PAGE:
Whether you go for a kebab, cheesy chips or chicken nuggets, there’s nothing like end-of-the-night-out food.
When it’s 3am and you’re drunk, most of us crave greasy, salty, delicious carbs - even if we don’t always remember what we ate the following day. (Unless our meal decides to make an unfortunate reappearance.)
One woman, however, last weekend managed to capture her drunken kebab shop visit for posterity by conducting an impromptu photoshoot with the eatery’s staff.
Moya Lothian-McLean, a journalist based in London, ended her Saturday night at Ali Baba’s in Dalston.
Despite not remembering even going there the next day, when she woke up she found “a full photoset” from the kebab shop.
Lothian-McLean, 22, explained to The Independent that she had “absolutely no recollection” of taking the photos.
“I woke up the next day and read a message from my friend who complimented me on my ‘good kebab pics,’” she said. “I had no idea what he was talking about until I opened Instagram and saw I’d uploaded a full-on shoot.
“I usually always remember my nights, however messy, so I was pretty shocked I’d managed to delete such a huge chunk from my memory but found it really funny, especially because they were actually decent photos.”
Featuring photos of the staff giving thumbs-ups to the camera and handing over the kebabs, many people have remarked on the incredible quality of the photos.
“These are amazing,” one person wrote.
“This is like something from a national geographic article,” added another.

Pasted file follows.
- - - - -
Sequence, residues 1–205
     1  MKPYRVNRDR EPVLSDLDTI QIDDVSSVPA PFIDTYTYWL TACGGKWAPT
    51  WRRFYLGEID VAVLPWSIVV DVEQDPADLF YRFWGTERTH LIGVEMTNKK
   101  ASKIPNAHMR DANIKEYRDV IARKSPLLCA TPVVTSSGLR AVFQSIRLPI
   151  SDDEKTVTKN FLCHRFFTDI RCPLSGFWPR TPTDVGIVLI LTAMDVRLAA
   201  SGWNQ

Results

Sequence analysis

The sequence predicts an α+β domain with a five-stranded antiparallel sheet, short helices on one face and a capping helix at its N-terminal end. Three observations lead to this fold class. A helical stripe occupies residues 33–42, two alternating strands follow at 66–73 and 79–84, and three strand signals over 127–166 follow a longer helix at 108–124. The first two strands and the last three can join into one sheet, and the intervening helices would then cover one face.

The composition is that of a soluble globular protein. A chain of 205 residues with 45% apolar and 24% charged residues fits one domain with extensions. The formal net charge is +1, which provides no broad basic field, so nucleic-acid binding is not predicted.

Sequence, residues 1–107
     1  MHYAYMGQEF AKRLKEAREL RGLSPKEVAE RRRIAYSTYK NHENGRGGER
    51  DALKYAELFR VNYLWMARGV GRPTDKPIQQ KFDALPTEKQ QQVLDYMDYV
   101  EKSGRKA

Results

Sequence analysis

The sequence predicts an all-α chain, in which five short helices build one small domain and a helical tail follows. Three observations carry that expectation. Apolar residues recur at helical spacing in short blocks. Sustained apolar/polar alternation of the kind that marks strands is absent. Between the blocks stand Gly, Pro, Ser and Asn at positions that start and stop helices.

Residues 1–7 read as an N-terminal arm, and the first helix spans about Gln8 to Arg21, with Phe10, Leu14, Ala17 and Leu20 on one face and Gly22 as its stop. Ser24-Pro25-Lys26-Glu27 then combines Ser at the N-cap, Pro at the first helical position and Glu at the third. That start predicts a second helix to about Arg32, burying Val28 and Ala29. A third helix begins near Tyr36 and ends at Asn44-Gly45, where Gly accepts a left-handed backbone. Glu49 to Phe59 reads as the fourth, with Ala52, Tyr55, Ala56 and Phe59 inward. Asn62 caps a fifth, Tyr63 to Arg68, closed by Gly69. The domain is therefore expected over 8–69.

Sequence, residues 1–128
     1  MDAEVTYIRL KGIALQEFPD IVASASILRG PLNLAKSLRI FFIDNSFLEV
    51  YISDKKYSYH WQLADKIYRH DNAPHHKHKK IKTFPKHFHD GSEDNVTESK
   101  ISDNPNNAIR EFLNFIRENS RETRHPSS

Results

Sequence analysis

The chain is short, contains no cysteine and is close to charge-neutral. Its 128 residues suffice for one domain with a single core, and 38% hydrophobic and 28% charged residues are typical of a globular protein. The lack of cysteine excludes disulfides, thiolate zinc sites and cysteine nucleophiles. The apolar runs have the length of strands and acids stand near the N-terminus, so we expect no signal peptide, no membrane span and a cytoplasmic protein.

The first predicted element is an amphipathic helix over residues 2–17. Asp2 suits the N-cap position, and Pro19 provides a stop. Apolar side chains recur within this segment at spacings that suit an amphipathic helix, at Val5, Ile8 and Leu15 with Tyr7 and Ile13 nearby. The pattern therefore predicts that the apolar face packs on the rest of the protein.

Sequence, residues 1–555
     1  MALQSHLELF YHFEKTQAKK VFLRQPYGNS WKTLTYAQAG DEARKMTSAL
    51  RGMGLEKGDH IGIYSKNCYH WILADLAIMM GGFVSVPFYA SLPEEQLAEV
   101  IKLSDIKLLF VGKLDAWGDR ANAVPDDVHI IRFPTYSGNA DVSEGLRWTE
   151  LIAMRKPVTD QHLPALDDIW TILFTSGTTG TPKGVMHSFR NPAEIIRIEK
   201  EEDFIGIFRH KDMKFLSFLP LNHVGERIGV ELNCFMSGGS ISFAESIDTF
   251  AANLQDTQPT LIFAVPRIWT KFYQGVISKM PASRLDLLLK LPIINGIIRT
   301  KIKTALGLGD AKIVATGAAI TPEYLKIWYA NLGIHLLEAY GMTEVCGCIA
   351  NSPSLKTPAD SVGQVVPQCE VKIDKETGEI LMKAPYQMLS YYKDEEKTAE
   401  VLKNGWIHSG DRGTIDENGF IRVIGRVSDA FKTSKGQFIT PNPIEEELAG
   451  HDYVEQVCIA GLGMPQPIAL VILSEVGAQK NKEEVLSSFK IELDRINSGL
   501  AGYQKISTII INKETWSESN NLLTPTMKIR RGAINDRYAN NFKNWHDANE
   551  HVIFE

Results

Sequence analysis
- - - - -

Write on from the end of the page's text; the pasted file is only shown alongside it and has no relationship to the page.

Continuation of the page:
“This is bloody majestic,” someone else agreed.
Lothian-McLean says she even surprised herself by the quality of the pictures. “When I found the pics, I couldn’t stop laughing - they’re good! If someone else had taken them, I’d be retweeting them for sure. I’m just annoyed I don’t seem to show that kind of talent when 100 per cent sober.”
Many asked what phone Lothian-McLean had used, to which she replied: “Google Pixel 2 XL! The camera is INSANE”.
Others suggested she expand the project into a series which could involve chippies, pizza joints and curry houses.
Some people noticed how willing the staff clearly were to get involved, which can’t be said for every employee at a late night fast food establishment.
“The kebab guys were the Ali Baba boys in Dalston who are usually up for everything,” Lothian-McLean added.
“The photos seem to show they weren’t too perturbed by an idiot shoving a phone in their faces and they always remember their customers, so I wasn’t some complete random to them. They call me ‘chips with cheese’ because I always get that.”
And Lothian-McLean says she never expected the pictures to garner such a huge reaction on Twitter: “I thought people might like them but I never expected them to spread so wide. It’s the kebab factor - big up the bossmen who are there for us through thick and thin.”
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